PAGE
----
When I sleep at night, Georgie is between my legs. When I sit to read, Georgie sits on my reading material. When I go to sit on a stool in the kitchen, Georgie soundlessly leaps there ahead of me. I step on the cat in the middle of the night because I can’t see her walking around my feet. When I get out of the shower, Georgie is sitting on the toilet seat lid. When I go to the basement to fold laundry, she jumps on the top shirt.
The only time the cat leaves me alone is when I clean her litter box. Georgie wants no part of that ammonia mess.
If it was just me and Georgie, I guess I’d understand. But there are four other people living in the house. My son and oldest daughter would accept Georgie on their beds in a heartbeat. Instead, she hangs with them only when I’m too mobile to cling onto.
Perhaps it’s that Georgie isn’t a kitten anymore. As she gets older, maybe the bones need more warmth and the psyche more acceptance. Maybe she just needs to validate her place in the home…which is apparently velcroed to me.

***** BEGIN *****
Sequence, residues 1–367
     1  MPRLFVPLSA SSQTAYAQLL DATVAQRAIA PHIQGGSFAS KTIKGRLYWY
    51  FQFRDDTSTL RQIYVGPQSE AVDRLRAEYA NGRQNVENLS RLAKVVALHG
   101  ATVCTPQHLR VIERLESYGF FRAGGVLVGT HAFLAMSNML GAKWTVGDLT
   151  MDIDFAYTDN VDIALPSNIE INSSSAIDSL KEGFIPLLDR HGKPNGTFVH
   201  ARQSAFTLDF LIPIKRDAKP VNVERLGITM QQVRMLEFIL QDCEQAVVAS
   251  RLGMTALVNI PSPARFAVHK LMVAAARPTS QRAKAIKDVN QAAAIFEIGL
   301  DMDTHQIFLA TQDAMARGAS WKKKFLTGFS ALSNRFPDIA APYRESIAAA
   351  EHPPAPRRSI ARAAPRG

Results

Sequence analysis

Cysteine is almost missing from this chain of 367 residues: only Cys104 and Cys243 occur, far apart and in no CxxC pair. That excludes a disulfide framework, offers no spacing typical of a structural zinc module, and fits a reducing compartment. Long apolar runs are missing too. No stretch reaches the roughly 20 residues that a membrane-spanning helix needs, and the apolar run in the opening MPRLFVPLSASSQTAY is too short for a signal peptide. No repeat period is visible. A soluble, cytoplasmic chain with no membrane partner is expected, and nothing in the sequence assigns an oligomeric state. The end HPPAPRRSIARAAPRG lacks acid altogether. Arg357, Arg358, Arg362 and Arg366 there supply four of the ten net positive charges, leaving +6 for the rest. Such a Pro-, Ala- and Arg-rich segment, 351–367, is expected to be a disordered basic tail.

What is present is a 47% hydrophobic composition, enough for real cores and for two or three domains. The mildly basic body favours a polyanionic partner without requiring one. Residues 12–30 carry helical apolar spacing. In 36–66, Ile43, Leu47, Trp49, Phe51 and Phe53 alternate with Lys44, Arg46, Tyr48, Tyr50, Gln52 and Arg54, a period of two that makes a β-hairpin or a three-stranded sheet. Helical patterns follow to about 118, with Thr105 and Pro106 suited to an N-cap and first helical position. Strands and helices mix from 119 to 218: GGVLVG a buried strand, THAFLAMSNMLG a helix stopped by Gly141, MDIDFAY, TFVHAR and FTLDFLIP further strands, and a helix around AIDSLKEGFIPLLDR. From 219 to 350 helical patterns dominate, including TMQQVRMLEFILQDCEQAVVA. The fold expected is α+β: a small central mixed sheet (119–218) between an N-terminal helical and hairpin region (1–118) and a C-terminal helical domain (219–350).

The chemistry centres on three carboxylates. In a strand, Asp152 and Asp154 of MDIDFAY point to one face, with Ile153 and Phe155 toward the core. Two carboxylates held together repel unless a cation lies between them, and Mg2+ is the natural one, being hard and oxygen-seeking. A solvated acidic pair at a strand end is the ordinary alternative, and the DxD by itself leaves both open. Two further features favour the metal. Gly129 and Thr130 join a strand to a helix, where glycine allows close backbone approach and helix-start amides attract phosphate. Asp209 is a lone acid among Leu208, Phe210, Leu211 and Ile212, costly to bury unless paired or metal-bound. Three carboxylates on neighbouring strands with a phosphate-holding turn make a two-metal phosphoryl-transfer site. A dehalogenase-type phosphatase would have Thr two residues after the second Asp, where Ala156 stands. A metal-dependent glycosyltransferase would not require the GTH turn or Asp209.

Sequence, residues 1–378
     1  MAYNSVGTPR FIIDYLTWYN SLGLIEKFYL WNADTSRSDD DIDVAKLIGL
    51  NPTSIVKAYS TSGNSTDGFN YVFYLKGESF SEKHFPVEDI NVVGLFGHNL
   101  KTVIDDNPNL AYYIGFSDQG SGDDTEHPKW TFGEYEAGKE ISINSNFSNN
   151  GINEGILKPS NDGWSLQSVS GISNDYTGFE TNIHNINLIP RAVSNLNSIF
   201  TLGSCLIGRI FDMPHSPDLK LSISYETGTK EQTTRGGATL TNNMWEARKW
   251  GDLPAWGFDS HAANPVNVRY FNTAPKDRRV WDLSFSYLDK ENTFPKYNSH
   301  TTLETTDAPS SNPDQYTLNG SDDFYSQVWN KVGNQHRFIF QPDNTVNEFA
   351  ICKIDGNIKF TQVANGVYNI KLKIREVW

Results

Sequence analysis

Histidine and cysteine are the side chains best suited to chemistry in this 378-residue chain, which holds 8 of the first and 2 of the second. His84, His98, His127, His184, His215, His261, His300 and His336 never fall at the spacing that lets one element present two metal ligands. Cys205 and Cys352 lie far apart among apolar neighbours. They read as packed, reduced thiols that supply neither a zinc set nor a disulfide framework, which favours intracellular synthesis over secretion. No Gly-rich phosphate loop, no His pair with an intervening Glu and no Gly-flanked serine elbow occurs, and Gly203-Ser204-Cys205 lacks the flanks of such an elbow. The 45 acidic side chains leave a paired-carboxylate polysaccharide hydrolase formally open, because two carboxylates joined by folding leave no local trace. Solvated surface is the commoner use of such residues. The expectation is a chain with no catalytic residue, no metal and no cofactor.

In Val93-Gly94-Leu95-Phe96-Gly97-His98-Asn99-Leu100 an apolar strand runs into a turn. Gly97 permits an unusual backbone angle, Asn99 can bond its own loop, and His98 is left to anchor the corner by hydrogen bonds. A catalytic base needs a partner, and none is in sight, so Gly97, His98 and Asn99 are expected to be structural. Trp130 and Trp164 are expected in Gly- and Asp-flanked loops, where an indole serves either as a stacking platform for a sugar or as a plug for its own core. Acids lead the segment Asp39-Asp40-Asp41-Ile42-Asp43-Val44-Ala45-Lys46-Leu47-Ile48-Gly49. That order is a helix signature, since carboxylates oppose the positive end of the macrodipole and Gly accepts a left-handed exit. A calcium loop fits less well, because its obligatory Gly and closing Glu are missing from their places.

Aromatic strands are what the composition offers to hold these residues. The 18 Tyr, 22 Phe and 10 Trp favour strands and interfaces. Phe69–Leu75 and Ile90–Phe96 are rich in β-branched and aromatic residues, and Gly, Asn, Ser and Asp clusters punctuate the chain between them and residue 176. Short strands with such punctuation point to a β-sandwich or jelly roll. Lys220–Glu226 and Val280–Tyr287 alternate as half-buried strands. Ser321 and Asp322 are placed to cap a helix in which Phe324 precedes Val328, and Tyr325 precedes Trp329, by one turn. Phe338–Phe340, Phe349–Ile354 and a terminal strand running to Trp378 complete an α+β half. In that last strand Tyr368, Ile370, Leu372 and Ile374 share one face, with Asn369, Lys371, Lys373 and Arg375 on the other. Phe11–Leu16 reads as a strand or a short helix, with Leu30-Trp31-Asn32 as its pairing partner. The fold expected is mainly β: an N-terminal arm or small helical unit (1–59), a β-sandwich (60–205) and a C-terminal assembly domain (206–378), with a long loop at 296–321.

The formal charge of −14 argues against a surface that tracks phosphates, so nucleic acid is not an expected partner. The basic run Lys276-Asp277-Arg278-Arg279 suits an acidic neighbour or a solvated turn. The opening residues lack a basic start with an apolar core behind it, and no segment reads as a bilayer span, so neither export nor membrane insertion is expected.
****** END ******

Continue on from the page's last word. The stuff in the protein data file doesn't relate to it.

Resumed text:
Georgie does her job as a cat. She still has claws (thus the furniture issues) that she uses to keep our garden pest free. No chipmunks or mice gnawed our kale or carrots this summer. I have found a smattering of rodent carcasses in our driveway and inside our home. Yes, the pests stay away.
Georgie does seem to be somewhat intimidated by Morty, the resident guinea pig. Morty is pretty big and gives off a “don’t mess with me you stupid cat” vibe. When Morty is out of his cage, Georgie will approach, sniff and back away. This is no mouse in the house.